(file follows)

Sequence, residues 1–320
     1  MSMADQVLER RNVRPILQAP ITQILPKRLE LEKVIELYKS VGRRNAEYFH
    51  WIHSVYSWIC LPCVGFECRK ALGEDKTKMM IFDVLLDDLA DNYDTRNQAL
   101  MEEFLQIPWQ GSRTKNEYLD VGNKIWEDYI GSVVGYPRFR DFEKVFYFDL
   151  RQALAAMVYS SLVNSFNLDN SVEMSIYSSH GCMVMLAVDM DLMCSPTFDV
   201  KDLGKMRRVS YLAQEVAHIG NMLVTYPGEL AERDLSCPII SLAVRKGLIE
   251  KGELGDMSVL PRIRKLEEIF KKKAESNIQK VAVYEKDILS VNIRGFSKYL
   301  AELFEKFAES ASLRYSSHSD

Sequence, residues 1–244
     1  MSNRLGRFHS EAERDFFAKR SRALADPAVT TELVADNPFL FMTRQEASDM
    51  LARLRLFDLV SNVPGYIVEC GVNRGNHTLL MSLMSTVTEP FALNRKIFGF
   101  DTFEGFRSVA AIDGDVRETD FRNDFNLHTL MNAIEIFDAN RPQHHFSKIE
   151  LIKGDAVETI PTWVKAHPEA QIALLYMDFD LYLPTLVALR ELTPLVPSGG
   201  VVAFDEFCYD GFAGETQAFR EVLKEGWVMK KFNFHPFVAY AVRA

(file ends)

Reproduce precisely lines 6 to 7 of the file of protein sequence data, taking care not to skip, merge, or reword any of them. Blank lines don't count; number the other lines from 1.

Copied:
   201  KDLGKMRRVS YLAQEVAHIG NMLVTYPGEL AERDLSCPII SLAVRKGLIE
   251  KGELGDMSVL PRIRKLEEIF KKKAESNIQK VAVYEKDILS VNIRGFSKYL